Silent walk as a street mobilization: campaigning following the Grenfell Tower fire

Tekin, Selin and Drury, John (2021) Silent walk as a street mobilization: campaigning following the Grenfell Tower fire. Journal of Community and Applied Social Psychology. pp. 1-13. ISSN 1052-9284

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This paper uses ethnography and interviews with 15 participants who were actively involved in the campaign following the 2017 Grenfell Tower fire to address the question of how campaigners use street mobilization to seek justice in the aftermath of a disaster. Analysis of observations and themes suggests that campaigners used street mobilization to do two things. First, they used it to build solidarity with supporters through accessibility, the use of shared social spaces and collectively showing respect for losses. Second, they used it to protest in a way that challenged negative stereotypes and projected their power to the authorities, who could not ignore such a large and dignified mobilization. Whereas previous social psychology research on disaster communities focuses on the determinants of the immediate responses of people who experienced a disaster, we show the strategic aspects of such disaster communities. Please refer to the Supplementary Material section to find this article's Community and Social Impact Statement.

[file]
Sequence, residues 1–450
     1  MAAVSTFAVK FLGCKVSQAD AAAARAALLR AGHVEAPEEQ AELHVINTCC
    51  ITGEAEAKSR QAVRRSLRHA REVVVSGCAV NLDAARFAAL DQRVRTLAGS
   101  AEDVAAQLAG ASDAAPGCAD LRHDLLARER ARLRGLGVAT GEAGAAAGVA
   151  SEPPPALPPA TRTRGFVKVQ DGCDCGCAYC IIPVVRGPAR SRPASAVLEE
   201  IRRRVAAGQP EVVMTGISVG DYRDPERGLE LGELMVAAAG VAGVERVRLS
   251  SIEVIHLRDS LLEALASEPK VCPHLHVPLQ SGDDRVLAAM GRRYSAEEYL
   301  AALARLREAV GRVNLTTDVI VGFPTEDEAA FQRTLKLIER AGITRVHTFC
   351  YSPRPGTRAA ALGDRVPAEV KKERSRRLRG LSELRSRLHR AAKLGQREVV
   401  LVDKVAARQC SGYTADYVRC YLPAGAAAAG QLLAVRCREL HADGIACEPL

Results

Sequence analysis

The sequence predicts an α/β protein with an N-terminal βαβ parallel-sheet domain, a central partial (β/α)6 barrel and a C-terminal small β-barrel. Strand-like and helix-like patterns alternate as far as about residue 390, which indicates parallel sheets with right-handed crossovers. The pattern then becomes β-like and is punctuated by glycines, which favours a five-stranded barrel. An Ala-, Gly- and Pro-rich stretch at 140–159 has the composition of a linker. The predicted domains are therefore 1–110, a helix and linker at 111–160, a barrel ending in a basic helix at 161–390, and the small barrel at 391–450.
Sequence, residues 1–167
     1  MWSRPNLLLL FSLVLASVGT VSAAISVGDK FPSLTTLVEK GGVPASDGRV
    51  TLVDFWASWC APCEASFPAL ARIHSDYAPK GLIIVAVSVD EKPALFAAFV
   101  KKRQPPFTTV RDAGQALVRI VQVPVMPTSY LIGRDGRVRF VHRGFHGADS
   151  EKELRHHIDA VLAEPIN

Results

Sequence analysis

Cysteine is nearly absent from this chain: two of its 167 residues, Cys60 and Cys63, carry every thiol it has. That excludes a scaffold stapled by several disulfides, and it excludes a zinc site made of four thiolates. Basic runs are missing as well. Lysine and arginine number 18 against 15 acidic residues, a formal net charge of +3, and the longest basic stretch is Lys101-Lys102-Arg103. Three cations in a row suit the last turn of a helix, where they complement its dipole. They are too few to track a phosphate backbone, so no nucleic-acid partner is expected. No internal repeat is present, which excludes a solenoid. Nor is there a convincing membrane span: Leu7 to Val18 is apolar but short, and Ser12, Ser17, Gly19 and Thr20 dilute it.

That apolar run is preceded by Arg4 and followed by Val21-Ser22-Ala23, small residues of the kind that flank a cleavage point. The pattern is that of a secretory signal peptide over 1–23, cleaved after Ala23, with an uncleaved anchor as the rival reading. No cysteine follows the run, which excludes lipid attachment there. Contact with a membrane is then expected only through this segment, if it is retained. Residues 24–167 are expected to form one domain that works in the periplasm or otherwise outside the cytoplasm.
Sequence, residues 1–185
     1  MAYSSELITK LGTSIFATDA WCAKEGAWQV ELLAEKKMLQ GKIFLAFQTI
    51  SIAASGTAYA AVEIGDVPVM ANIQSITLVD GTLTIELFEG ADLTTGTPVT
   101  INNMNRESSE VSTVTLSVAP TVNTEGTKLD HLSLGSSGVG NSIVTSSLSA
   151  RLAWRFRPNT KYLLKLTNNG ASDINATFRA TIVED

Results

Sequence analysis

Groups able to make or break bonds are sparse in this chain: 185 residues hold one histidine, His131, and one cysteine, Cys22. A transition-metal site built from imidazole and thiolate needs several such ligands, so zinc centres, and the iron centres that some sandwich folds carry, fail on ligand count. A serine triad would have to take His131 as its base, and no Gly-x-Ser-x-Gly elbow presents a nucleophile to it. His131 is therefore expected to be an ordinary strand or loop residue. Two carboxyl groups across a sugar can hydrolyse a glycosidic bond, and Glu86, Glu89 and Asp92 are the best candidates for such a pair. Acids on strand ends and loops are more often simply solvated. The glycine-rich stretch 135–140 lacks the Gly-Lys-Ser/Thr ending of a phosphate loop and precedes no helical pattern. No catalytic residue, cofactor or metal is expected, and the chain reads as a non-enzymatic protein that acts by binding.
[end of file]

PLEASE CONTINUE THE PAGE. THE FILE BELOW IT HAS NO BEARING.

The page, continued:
Item Type: Article
Schools and Departments: School of Psychology > Psychology
SWORD Depositor: Mx Elements Account
Depositing User: Mx Elements Account
Date Deposited: 26 Mar 2021 09:31
Last Modified: 04 May 2021 12:30

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